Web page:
Dave Prill, who owns a used-car dealership that was destroyed during the unrest, said he suffered nearly $500,000 in losses. Rioters burned or wrecked 54 cars and he is still fighting his insurance company for full reimbursement, he said. “I’m nervous,” he said. “I’m definitely not going to have a large inventory next time.”
Many business owners blamed the lack of police presence, which they say allowed rioters to destroy property without consequences. “People were pretty violent. A lot of people in this crowed were armed and there was no police presence. You had the sense you had to [protect your business] yourself,” Prill said. “I wasn’t counting on any police coming.”
The Blakes and victims’ families said police encouraged the presence of armed citizens like Rittenhouse.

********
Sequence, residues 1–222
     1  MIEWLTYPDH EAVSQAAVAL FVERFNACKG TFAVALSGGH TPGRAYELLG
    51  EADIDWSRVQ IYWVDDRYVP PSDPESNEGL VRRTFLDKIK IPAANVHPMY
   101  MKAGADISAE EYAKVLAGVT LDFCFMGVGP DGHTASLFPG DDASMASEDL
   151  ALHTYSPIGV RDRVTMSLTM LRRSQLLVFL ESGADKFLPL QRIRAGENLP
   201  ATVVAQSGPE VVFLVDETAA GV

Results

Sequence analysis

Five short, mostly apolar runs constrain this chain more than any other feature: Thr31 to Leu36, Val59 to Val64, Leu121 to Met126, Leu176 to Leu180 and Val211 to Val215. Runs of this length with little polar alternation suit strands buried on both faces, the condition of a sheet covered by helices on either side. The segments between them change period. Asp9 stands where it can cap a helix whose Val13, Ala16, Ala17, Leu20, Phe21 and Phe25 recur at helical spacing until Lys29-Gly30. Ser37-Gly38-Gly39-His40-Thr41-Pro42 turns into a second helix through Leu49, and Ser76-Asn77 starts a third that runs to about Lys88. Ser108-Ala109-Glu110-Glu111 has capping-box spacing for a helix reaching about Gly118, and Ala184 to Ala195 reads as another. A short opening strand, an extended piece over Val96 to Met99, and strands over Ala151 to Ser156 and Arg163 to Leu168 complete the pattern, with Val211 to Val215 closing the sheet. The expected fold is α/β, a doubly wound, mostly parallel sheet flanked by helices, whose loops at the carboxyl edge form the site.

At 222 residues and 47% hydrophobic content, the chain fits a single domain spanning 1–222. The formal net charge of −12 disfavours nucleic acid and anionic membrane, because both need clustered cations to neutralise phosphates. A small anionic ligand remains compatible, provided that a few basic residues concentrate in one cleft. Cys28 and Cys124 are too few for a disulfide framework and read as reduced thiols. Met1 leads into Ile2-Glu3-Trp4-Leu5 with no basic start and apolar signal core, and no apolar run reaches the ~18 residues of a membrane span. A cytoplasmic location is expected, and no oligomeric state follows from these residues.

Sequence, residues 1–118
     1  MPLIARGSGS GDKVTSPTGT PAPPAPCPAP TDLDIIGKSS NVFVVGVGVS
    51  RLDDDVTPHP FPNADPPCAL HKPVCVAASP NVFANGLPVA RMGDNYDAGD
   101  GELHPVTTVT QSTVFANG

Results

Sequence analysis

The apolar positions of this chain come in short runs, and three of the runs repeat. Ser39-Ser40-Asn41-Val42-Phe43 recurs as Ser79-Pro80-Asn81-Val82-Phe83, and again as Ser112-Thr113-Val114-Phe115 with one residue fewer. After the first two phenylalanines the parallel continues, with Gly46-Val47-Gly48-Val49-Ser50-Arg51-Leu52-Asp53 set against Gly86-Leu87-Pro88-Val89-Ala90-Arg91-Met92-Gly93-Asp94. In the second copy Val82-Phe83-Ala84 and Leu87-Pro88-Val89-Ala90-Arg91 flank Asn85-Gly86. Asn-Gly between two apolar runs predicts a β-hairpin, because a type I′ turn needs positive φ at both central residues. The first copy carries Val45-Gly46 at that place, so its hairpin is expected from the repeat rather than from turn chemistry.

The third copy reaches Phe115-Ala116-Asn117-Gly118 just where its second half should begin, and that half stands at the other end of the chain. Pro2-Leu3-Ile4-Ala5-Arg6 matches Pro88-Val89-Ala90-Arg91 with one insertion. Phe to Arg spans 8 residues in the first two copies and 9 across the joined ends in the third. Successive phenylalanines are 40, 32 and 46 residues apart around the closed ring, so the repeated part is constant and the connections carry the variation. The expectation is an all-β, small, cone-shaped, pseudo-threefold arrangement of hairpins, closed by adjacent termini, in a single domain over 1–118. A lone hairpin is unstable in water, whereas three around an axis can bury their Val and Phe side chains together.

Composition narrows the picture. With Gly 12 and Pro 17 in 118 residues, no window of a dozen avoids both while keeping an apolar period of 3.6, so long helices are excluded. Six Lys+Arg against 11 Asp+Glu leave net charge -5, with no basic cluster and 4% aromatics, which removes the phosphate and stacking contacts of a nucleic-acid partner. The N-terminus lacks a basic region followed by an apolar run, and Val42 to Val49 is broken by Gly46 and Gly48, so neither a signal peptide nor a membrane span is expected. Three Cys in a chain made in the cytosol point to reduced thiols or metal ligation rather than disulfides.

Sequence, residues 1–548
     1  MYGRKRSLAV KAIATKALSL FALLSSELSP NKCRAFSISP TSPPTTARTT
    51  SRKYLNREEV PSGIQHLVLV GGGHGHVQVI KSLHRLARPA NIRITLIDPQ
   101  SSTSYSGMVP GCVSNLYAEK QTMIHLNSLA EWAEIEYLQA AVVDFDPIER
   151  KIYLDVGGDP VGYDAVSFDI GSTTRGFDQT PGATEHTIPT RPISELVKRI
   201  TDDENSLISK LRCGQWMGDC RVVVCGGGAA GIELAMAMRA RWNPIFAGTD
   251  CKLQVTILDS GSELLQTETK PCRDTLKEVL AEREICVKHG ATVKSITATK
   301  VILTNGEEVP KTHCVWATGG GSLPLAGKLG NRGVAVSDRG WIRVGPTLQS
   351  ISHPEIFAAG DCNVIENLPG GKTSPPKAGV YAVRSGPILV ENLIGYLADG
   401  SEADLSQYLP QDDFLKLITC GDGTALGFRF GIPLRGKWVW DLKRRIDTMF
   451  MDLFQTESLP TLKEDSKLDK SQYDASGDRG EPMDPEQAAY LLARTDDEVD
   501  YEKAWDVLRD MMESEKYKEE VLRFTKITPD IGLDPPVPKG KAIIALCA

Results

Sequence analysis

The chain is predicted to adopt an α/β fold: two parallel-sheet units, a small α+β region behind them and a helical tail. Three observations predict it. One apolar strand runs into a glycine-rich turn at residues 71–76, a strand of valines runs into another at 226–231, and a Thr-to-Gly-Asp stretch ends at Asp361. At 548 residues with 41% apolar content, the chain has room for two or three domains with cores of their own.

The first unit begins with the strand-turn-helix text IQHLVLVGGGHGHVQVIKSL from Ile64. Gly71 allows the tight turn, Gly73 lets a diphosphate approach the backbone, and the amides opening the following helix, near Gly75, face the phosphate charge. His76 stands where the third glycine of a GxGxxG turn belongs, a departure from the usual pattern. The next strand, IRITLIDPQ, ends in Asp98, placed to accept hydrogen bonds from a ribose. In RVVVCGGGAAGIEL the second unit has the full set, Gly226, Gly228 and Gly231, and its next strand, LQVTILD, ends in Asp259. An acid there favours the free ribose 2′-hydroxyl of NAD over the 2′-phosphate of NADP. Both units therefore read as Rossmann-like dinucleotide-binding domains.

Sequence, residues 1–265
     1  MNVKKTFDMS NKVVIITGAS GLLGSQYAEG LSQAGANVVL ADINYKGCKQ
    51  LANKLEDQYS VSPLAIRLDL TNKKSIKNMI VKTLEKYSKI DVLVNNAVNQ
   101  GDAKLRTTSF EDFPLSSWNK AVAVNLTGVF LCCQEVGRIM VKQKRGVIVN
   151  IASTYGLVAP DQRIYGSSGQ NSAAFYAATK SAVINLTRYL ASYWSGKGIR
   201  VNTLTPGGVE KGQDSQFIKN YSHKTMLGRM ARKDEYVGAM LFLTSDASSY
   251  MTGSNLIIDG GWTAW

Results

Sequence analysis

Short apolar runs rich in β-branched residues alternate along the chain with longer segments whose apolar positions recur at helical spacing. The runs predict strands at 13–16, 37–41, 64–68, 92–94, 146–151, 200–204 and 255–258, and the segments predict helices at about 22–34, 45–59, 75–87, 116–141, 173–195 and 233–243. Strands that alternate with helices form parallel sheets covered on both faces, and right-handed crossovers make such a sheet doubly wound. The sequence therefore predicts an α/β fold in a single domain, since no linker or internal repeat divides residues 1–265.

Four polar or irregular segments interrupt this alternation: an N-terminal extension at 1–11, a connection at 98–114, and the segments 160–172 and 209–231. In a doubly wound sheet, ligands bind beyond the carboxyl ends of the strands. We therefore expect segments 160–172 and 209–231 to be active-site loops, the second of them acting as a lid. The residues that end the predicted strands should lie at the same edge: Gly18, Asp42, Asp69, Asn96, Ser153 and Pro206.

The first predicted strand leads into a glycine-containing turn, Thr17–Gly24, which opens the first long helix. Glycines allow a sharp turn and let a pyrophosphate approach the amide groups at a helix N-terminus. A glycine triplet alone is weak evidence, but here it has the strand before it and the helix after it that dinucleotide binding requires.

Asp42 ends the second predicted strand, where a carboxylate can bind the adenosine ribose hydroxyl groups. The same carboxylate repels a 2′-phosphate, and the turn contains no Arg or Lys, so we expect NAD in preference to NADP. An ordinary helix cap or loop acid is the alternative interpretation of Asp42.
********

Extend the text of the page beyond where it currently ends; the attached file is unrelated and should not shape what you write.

Last week, attorneys for the families of Huber and Grosskreutz filed paperwork notifying city and county officials that they planned to sue for at least $10 million each. The Huber claim, for example, alleges “multiple state law claims” against the city, county and other law enforcement agencies that include “negligence, negligent supervision and training, negligent and intentional infliction of emotional distress, wrongful death [and] survival.”
Attorneys for the Grosskreutz family said in their claim that the “Kenosha Police and Kenosha Sheriff’s Department were aware of, condoned, cooperated with and enabled the actions of” a local militia “and other armed vigilantes through explicit and implicit support.”
Federal lawsuits for both claims are expected to be filed in February.
The Kenosha County Board of Supervisors will address the claims during a meeting Tuesday night.